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  • Writer's pictureMORGAN DUQUETTE

Chronicle Article: “Avatar: The Last Airbender” Netflix Adaptation

Graphic by Morgan Duquette

February 22 marks a day to remember, the live-action Netflix adaptation of “Avatar: The Last Airbender” (ATLA) television series was released. The series follows all the characters we know and love. Staring in all eight episodes includes the beloved Aang, played by Gordon Cormier, Katara, played by Kiawentiio, Ian Ousley as Sokka, Zuko portrayed by Dallas Liu, and the wise tea-loving Uncle Iroh, played by Paul Sun-Hyung Lee. The series dominated Netflix in its first few weeks. 

The first episode of Avatar: The Last Airbender live-action begins with a cold opening: an earthbender getting chased by fire nation guards through the streets of Capitol City. This is when viewers get their first taste of how the bending will look throughout the rest of the series.

Without skipping a beat, we meet our protagonist, Aang. In my not-so-humble, unqualified opinion, things get a bit rocky for me. Aang starts flying? Creating cyclones? Regardless, this elite bending move is known to viewers in season three of “The Legend of Korra” (TLOK). In the original show, Airbenders could not fly without their gliders. If anyone has watched TLOK, you know about this. 

With a comet on its way, all of the Air Nomads come together to celebrate the Great Comet Festival at the Southern Air Temple - making it the perfect opportunity for the Fire Nation to commit mass genocide against Aang’s entire culture. 

In contrast to the original show, Aang does not overhear the council deciding to send him away. But similar to the original, Aang gets overwhelmed by the thought of being the Avatar. That said, he cannot sleep that night, so he takes a well-timed ride on Appa. As he is flying above the sea, the water gets more and more aggressive, eventually pulling him and Appa down. Resulting in Aang going into the Avatar State to save himself, just like the story we all know and love.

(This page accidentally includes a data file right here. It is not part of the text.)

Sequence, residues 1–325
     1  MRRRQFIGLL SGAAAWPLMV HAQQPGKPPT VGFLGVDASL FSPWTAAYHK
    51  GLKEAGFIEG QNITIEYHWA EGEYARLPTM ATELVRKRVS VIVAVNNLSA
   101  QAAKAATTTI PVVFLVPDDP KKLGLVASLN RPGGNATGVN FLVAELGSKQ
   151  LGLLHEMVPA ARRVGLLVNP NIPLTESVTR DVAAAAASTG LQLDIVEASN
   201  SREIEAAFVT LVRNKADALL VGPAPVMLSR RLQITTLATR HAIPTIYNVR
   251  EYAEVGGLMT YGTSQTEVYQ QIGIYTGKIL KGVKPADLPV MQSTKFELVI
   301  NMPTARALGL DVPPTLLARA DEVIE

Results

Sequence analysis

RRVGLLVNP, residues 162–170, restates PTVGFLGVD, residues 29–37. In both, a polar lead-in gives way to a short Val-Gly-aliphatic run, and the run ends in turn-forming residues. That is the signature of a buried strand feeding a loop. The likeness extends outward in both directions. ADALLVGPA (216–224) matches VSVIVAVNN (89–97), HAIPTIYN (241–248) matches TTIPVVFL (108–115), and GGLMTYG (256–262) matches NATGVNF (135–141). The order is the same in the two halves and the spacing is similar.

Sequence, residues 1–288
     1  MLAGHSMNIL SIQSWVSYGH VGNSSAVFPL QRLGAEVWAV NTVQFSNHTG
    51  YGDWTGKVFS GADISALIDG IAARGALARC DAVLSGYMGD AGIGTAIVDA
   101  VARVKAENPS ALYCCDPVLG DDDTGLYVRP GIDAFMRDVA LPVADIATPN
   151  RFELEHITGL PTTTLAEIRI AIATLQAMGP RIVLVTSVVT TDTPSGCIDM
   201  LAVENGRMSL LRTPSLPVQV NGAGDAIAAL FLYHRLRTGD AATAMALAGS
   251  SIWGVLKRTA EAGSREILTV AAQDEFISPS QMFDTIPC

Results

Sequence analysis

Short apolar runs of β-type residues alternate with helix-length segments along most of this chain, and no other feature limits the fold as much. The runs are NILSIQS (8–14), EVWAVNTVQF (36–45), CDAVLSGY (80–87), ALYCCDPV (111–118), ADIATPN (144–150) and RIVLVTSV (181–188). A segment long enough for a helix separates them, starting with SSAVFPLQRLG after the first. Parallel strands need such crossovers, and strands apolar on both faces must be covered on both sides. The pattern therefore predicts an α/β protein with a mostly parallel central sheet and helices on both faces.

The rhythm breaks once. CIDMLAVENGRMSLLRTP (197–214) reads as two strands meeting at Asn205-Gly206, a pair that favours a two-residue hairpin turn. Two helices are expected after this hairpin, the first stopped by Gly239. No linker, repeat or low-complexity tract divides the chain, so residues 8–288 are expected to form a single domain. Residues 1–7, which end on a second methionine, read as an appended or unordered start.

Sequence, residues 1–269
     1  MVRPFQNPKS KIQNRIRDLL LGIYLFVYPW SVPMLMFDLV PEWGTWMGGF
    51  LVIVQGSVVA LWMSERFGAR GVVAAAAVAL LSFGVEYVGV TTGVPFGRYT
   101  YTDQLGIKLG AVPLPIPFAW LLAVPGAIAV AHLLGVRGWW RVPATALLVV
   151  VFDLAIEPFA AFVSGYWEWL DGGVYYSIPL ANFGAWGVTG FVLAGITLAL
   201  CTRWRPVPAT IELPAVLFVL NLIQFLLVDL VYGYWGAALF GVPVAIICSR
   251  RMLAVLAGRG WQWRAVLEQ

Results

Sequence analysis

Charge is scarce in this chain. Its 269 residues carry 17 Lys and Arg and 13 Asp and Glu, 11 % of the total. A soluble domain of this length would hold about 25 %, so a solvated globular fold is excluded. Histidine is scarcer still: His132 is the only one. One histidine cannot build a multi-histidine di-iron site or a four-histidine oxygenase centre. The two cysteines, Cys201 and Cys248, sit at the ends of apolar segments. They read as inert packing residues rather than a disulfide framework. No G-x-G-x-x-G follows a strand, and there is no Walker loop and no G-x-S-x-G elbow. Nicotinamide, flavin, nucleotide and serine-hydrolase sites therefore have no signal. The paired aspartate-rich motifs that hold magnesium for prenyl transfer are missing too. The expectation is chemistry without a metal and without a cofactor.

While this is happening, the Fire Nation Army is quietly sneaking into the Southern Air Temple. We then get front-row seats as the Fire Nation army burns down the temple, setting everyone inside ablaze. On that slightly terrifying note, the prologue quickly ends. 

This adaption is clearly a step up from the 2010 “The Last Airbender” film from M. Night Shyamalan. Unfortunately, the series is missing a lot of key pieces, such as Katara having any real emotion and Sokka’s initial sexism towards women. As I watched each episode, I couldn’t help but find myself scowling at the television. There were many times throughout each episode that I didn’t enjoy the acting, it felt as though the actors weren’t truly in it.  Luckily, the show is visually incredible. From the bending to the streets of Omahsu, I was truly engulfed in the scenery.

Exactly two weeks after the initial release, on March 6, Netflix announced it has been renewed for seasons two and three. This news is so exciting for ATLA fans around the world. If you are a fan of the Avatar series, I highly recommend checking this series out. Even if you’re not a fan, I recommend watching the Nickelodeon animated show as soon as humanly possible. With all this being said, I will be tuning in for the next two seasons and I hope you do too. 


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